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Blog posts of '2013' 'September'

The Art Of Sword Manufacturing
Henry Wilkinson

Henry Wilkinson was bestowed with the gift of sound education. At thirty years of age he joined the business of his father, James Wilkinson. It can be seen on Circa 1840- the double barrelled percussion belt pistol, that the company moniker was now know as ‘Wilkinson & Son’.

Henry was well aware of the world of arms technology and innovation. Working closely with many contemporaries of note both in the world of sporting and military arms, he soon expressed a passion and skill reminiscent of Henry Nock. Two of his early successes were the very early breach-loading carbine of 1832, ‘The Clanricarde’ and ‘Vivian’ carbine, a double barrelled weapon for the Irish Constabulary. Henry Wilkinson equated his peers in gun making. His exceptional knowledge of arms and his inventive genius were attributes he would dedicate to the pursuit of sword making which eventually lead the business to an unrivalled reputation in this art and ultimately the company changed its name to ‘Wilkinson Sword’, thus including the weapon sword in its name.

In 1819 Henry married Margaret Elizabeth Champion and along with his father and mother lived at Ludgate Hill, London. But by 1827 he moved with his family to Brompton Square in West London and shifted the business headquarters to 27 Pall Mall, just next door to the offices of The Board of Ordnance. This is a pure example of his sharp business acumen.In 1841 at just 40 years of age Henry’s wife Margaret died. In 1844 the company was joined by John Latham, who as an accomplished swordsman brought practical perspective to the sword making business. Wilkinson & Son continued to grow and expand under the leadership of Henry and the capable assistance of John Latham.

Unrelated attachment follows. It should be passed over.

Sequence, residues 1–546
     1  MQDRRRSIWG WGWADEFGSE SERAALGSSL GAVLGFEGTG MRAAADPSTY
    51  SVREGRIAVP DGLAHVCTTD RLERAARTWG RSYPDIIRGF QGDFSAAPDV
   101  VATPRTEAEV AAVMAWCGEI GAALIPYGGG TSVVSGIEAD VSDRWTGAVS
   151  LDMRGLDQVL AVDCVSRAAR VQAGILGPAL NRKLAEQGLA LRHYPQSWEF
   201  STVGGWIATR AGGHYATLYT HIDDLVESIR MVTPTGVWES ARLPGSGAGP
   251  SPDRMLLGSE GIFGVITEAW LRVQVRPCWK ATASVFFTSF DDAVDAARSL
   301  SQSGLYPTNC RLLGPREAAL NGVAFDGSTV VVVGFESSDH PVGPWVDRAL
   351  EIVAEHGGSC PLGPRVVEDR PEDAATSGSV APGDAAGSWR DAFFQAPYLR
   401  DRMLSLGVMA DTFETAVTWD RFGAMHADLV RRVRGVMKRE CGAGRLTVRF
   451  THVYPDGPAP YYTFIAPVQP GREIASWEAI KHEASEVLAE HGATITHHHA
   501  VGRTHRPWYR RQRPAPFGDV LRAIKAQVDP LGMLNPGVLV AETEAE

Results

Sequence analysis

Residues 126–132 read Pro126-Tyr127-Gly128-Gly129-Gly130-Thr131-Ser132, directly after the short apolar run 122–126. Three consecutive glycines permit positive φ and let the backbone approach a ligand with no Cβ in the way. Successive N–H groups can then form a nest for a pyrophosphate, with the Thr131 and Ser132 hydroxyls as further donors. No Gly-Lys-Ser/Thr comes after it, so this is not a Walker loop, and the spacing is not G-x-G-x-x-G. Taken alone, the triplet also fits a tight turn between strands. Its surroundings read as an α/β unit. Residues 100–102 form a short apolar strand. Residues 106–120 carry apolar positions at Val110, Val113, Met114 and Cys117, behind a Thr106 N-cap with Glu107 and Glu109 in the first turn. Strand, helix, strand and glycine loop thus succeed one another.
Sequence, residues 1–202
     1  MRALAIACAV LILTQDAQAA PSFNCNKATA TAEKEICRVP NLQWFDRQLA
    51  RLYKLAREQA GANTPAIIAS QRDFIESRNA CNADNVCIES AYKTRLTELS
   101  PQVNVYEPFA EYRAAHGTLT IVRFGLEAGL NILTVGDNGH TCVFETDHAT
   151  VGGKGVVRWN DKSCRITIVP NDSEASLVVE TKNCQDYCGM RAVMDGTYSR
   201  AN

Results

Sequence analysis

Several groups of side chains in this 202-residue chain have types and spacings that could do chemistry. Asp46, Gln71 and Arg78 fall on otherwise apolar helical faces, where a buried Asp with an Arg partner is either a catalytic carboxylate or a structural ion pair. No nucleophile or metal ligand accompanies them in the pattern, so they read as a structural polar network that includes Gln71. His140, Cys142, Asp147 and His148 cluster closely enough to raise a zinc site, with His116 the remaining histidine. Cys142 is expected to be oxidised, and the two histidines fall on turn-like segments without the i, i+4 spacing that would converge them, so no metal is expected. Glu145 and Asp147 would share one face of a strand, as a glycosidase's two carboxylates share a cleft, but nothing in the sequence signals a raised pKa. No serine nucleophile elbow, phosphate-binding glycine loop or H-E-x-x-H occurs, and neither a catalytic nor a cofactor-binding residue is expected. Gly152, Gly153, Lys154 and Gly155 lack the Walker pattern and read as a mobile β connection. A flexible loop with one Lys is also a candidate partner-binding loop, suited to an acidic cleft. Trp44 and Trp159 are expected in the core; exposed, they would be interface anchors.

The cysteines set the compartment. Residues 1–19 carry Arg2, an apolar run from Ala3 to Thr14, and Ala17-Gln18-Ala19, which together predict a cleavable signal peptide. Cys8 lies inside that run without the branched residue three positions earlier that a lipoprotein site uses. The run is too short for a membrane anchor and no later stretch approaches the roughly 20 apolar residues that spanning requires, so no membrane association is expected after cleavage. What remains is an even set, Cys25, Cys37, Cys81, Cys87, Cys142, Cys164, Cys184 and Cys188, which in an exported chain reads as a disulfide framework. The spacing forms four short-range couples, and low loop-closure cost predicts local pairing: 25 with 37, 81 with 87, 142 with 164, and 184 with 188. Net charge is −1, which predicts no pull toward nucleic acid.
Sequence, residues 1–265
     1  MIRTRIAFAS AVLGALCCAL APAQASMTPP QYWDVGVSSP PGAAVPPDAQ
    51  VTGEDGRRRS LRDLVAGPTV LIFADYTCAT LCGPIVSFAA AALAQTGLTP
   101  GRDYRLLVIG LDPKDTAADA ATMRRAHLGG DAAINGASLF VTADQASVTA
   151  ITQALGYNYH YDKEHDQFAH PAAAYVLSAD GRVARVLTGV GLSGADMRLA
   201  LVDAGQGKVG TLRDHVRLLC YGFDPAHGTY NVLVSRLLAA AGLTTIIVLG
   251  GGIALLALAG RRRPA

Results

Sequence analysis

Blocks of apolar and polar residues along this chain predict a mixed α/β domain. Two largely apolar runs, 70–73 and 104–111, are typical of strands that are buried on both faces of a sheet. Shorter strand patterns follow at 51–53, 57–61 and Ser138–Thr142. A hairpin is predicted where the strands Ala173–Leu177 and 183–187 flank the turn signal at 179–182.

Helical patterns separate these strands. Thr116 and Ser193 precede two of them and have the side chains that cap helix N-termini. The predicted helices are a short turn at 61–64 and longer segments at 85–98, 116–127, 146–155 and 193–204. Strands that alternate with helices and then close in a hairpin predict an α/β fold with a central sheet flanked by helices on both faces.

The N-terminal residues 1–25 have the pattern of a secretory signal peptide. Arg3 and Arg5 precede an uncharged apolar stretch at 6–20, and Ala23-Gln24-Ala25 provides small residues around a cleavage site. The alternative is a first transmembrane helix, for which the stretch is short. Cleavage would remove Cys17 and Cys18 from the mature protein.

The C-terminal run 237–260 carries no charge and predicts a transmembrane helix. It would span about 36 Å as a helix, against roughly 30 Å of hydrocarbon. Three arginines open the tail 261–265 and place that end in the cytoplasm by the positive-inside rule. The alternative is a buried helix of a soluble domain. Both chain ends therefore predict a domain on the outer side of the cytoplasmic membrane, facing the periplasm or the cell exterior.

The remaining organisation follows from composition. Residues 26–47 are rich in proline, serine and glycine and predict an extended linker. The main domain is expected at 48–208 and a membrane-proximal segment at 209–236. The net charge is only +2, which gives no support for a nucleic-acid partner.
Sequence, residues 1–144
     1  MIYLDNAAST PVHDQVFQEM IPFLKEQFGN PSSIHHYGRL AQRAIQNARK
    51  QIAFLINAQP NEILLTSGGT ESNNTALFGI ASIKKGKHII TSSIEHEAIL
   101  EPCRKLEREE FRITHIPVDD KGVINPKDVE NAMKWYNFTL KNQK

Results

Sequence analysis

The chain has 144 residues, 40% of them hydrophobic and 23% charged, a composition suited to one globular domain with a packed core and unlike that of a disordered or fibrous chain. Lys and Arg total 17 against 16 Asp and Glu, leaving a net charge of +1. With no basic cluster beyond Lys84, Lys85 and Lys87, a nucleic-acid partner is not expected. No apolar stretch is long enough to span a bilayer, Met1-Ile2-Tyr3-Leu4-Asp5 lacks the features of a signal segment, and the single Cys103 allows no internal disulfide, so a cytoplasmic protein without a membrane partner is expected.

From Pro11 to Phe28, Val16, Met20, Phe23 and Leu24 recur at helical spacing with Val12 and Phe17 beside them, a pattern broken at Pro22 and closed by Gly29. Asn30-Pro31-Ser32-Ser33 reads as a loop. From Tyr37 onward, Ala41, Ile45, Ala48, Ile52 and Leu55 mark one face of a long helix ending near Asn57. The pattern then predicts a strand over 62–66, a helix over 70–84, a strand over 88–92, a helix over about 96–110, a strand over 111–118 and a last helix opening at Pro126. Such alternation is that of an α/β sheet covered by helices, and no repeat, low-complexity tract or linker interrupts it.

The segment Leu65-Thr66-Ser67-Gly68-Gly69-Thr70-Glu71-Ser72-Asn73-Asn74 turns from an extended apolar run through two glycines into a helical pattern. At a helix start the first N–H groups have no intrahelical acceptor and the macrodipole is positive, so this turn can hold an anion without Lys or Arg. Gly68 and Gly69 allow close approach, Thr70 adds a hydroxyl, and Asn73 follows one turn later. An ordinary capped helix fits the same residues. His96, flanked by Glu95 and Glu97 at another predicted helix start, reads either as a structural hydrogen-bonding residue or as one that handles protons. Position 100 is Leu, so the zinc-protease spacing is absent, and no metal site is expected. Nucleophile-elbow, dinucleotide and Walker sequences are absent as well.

After Henry Wilkinson’s death in 1861, John Latham had continued to run the company with great success.Thus history is a witness to the fact that the dexterity and ability of Henry Wilkinson was the equal of both his father and grandfather.

Henry Nock - The Wilkinson Sword Founder

Early Days and the Inception of Wilkinson Sword

Henry Nock was born in 1741in Staffordshire, in the vicinity of Birmingham. He learnt his trade as a gun locksmith in Birmingham, one of the largest industrial cities of England. At the age of 27 he made his way south to London.

In 1768, he set up his workshop on Elm Street in the Parish of St. Andrew, Holborn. His initial enterprises revolved around his trade of gun locksmith. It is recorded in the Board of Ordinance for November 16, 1770 that he submitted for approval a Tower Musket Lock. By 1772 Nock had taken on additional premises in Mount Pleasant. This exactly is the epoch of the creation of Wilkinson Sword

Apart from being a fine craftsman, Nock was a consummate pioneer in the realm of firearms. He has to his credit many innovations and inventions. One such patented invention was a removable octagonal barrel that could be easily maintained. This development came to be known as ‘Knox Form’. It is described in the patent application that the Barrel could be taken from the lock, which would render the Barrel exceedingly easy to be cleaned, and there would be no obstruction of the Breech Pin as in case of the other guns. Another exquisite example of his work was seven barrelled gun.

The Circa 1780- seven barrelled volley gun was a part of an order of 500 such weapons made and supplied by Nock during 1780 to the British military for £13 each. He was an astute businessman. He could understand that diversification was paramount to a successful business. The man credited for manufacture of edged weapons is none other than Henry Nock. In the Board of Ordnance records for December 20, 1777 it is recorded that he was advanced £200 for providing bayonets.

Undoubtedly, Henry Nock was one of the finest and the most influential arm makers of his time who produced some of the finest and the most exquisite guns of that era including the flintlock duelling pistols. In November, 1804 Henry Nock died and with no apparent heirs his business and stock in trade was left to James Wilkinson who was the husband of Ann, his adopted daughter. James Wilkinson went on to continue the legacy of exceptional gun making.Truly, Henry Nock personifies the literal meaning of ‘nock’. Just like an arrow placed on the bowstring ready for shooting, his success journey also followed a swift smooth course, hitting right at the target.